CLEARWATER — Pinellas County commissioners moved closer Tuesday to giving voters the authority to kill any future sales of the county's environmental lands.
The commission voted to hold a public hearing Aug. 5 on a proposed charter amendment that would be on the ballot in November.
If approved by voters, it would require a referendum any time county officials wanted to sell, convey or transfer more than 1 acre of the county's environmental lands.
At that Aug. 5 hearing, commissioners could decide whether to go forward with the amendment.
"Hopefully, this will pass and this conversation can be put to rest once and for all," Commissioner Susan Latvala said.
Latvala first proposed an ordinance to protect park and environmental lands after an uproar from environmentalists about projects the county had proposed in the Brooker Creek Preserve. But last year the commission scrapped the ordinance in favor of a charter amendment.
If the amendment is passed as now written, county commissioners would have to ask the voters for approval before disposing of more than an acre of any environmental land the county owns in the Brooker Creek, Mobbly Bayou, Shell Key and Weedon Island preserves and in 15 other management areas throughout the county.
But the Friends of Brooker Creek, a nonprofit group organized to advocate for and support the Brooker Creek Preserve, say the charter amendment doesn't go far enough.
The reason: Voter approval would not be needed before leasing preserve lands, as commissioners did when they leased 38.5 preserve acres on Old Keystone Road to the East Lake Youth Sports Association for youth sports fields.
Will Davis, the county's director of environmental management, confirmed the Friends' take on the charter amendment in a discussion with Tom Reese, a St. Petersburg attorney, and Barbara Hoffman, a member of Pinellas County's advisory Environmental Science Forum and vice chairwoman of the Friends of Brooker Creek Preserve.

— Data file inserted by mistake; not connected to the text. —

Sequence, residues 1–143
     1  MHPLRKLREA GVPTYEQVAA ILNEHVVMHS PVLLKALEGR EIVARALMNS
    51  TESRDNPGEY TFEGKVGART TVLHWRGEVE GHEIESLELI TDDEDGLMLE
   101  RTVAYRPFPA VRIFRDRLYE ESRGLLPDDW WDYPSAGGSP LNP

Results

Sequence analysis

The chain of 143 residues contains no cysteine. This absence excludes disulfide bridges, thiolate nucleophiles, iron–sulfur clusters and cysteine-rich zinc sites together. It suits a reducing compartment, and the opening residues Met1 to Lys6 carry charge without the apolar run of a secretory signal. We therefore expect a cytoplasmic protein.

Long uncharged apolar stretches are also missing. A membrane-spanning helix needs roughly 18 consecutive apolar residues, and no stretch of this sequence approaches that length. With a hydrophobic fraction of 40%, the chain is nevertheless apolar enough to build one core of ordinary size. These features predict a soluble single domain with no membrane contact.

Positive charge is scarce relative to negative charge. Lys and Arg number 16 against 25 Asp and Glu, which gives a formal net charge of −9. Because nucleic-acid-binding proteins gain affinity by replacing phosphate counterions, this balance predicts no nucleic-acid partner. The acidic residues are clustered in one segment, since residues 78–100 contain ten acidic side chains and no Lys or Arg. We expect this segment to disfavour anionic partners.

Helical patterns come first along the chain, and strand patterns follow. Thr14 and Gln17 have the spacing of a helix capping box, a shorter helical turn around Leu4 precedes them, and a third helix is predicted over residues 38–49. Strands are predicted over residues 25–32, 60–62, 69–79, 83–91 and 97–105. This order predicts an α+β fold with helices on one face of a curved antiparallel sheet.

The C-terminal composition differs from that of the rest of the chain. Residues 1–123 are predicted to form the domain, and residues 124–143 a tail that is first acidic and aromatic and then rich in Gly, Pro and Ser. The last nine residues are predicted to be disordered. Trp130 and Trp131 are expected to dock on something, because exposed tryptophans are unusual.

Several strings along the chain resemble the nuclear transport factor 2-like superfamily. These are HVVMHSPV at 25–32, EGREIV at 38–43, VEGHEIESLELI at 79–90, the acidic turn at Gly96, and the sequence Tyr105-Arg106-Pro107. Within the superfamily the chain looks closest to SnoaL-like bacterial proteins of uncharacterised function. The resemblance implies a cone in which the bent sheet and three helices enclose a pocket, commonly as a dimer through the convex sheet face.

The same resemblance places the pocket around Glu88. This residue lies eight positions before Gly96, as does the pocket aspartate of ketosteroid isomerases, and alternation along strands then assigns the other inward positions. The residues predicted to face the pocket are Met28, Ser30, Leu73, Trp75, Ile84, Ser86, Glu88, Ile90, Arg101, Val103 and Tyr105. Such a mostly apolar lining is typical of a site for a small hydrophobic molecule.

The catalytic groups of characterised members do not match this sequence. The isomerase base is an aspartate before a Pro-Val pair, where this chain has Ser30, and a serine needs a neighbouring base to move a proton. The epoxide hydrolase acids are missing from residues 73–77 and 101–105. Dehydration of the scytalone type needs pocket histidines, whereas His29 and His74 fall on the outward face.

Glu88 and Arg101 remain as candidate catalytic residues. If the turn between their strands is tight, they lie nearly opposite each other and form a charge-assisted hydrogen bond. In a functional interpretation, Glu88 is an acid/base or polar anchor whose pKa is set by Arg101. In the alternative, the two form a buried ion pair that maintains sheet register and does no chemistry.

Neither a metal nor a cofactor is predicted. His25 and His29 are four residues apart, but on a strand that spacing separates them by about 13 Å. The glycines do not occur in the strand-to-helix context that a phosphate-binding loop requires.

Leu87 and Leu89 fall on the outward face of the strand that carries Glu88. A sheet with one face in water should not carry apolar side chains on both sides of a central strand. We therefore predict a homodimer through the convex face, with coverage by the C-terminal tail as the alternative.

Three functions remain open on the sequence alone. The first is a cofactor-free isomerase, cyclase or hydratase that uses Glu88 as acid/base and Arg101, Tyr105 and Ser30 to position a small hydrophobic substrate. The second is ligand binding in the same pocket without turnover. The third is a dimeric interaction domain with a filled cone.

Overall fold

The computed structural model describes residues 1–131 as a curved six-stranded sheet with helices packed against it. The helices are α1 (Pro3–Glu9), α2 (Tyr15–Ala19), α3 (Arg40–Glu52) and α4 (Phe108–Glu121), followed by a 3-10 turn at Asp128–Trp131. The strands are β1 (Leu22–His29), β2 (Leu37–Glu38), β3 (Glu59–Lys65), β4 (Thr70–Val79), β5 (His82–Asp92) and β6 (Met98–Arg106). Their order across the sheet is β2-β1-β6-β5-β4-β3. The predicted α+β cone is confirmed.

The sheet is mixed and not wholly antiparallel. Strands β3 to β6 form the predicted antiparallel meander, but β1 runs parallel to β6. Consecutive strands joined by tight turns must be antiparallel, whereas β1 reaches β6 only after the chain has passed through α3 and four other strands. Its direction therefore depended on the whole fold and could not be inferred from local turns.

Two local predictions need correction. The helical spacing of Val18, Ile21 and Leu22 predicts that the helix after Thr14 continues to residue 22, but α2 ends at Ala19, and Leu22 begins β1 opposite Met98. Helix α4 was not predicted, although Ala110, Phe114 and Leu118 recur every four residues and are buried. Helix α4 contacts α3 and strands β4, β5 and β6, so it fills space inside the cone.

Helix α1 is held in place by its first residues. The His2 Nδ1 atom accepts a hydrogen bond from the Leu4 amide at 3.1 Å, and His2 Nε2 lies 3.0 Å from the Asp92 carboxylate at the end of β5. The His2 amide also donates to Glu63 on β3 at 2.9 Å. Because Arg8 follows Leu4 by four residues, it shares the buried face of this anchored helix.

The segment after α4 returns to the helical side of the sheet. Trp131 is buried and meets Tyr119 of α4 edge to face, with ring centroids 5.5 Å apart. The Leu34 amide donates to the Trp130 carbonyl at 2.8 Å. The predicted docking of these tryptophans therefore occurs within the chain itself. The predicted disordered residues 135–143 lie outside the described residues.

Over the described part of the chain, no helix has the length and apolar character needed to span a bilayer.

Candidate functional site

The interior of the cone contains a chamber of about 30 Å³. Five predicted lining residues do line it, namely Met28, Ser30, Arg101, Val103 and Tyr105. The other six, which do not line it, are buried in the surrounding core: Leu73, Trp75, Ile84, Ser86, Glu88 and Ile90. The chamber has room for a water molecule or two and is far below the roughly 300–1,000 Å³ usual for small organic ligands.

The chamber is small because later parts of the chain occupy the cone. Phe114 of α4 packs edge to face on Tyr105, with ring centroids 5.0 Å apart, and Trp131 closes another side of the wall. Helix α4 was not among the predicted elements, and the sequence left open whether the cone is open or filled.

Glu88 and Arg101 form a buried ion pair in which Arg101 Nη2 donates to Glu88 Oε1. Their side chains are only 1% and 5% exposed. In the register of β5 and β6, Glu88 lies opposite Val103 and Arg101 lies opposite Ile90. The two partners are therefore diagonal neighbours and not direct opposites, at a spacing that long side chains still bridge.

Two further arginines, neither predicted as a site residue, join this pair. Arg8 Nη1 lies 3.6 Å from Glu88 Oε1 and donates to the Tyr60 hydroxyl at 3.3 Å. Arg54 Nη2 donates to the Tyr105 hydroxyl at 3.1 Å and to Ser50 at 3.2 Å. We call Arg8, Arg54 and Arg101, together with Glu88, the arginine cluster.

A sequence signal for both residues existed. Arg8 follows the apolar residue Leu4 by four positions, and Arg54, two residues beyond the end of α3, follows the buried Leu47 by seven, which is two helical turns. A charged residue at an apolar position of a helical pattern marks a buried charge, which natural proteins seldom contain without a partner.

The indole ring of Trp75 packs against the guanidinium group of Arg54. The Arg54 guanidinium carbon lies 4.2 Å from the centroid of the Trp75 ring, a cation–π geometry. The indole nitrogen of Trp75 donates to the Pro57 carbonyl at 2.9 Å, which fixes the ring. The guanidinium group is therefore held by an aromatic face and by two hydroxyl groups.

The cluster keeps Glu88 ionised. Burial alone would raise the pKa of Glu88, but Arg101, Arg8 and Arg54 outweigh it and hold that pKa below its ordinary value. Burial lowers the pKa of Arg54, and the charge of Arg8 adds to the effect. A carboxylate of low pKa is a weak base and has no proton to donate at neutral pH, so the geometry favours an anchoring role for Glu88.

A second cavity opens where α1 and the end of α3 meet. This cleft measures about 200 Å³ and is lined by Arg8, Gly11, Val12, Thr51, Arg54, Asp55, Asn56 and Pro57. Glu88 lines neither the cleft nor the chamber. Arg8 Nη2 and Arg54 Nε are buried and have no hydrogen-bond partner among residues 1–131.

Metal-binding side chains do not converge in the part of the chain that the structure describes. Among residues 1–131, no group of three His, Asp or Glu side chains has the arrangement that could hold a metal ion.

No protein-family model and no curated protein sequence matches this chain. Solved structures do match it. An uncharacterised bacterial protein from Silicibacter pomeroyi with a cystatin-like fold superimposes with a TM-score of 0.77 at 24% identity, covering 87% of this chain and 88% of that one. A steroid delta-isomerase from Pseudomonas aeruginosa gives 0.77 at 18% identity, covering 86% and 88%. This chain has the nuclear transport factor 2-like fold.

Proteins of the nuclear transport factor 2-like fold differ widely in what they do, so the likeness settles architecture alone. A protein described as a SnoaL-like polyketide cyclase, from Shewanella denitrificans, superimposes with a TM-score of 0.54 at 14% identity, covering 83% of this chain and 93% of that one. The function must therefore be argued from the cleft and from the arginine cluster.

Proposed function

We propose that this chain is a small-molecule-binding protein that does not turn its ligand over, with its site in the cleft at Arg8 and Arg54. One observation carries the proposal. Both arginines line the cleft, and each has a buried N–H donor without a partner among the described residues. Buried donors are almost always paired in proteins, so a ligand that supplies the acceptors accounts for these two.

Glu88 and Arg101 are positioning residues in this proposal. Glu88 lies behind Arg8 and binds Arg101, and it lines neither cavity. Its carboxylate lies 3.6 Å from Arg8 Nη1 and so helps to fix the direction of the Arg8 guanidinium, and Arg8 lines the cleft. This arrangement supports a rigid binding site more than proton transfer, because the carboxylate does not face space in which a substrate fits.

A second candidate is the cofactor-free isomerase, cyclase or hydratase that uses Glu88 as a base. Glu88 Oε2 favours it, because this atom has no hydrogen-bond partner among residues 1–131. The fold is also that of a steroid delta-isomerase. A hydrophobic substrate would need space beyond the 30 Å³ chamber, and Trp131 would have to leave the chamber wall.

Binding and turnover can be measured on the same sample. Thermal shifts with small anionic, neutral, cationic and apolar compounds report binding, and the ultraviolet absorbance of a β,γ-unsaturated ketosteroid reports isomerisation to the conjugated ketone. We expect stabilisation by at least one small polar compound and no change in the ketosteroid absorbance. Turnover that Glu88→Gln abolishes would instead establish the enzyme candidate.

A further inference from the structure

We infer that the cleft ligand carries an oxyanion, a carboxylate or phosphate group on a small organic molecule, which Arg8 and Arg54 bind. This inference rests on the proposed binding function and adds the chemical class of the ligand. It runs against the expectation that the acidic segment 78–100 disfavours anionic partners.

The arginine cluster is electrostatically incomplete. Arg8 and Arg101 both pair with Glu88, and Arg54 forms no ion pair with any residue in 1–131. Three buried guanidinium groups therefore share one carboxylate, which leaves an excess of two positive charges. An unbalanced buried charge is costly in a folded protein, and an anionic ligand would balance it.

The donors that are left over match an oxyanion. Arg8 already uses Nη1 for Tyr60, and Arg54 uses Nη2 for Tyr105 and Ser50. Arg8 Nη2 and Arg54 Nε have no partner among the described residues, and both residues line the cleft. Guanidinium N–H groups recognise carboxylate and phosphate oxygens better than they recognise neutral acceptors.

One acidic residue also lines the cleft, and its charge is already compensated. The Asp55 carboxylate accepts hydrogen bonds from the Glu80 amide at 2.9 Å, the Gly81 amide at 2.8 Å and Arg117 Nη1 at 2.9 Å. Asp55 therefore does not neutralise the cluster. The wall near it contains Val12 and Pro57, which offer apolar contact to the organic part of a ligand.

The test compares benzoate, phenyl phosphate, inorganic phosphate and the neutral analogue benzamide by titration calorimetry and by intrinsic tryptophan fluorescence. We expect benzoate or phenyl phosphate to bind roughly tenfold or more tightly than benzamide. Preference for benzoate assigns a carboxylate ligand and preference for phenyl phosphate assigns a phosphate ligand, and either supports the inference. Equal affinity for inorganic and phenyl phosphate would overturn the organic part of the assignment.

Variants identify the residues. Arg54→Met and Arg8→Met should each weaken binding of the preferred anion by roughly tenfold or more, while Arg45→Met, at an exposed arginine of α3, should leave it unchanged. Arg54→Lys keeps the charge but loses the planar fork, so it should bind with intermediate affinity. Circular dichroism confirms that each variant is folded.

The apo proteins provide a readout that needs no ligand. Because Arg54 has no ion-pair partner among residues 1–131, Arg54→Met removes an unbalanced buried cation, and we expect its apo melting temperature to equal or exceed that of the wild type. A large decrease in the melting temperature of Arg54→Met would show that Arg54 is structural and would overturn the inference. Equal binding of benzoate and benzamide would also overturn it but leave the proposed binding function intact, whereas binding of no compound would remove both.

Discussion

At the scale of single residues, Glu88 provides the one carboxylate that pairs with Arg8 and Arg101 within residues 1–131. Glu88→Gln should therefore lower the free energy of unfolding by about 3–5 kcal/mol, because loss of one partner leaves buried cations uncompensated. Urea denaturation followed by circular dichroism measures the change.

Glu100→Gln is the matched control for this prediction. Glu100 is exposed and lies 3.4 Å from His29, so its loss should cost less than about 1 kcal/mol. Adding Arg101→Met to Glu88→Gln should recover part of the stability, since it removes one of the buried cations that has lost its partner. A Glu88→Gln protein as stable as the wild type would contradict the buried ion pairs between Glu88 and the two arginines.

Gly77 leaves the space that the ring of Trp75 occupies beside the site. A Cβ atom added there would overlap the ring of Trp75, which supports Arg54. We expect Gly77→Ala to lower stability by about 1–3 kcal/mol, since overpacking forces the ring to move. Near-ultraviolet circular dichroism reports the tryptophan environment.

"It stops the sale of the land — period," Davis said of the charter amendment.
Hoffman said the Friends want to see a vote required for leasing, donating or licensing environmental lands as well as selling them.
And she said the vote should be required for any interest to be transferred, not just the transfer of "fee simple" interest — in essence, the transfer of all property rights — as the amendment now reads.
The ordinance abandoned a year ago contained six exceptions that would have allowed commissioners to take big steps affecting parks and environmental lands without getting voter approval first. Commissioner Calvin Harris and residents objected to the loopholes.
Opponents of the ordinance hoped the charter amendment would include language preventing commissioners from unilaterally approving projects — like an equestrian center and the ballfields — once proposed in the Brooker Creek Preserve.
Last year, environmental activist Lorraine Margeson of St. Petersburg gave commissioners a proposed charter amendment based on the provision in St. Petersburg's charter that gives city voters there similar authority over the downtown waterfront.
The charter amendment now under consideration is not the one she proposed, she said, but it's much better than the county's discarded ordinance.
Charter amendments put voters in the driver's seat, she said.
"With the stadium, if we had not had the charter amendment protection, we'd probably already be building a baseball stadium," she said.
Theresa Blackwell can be reached at firstname.lastname@example.org or (727) 445-4170.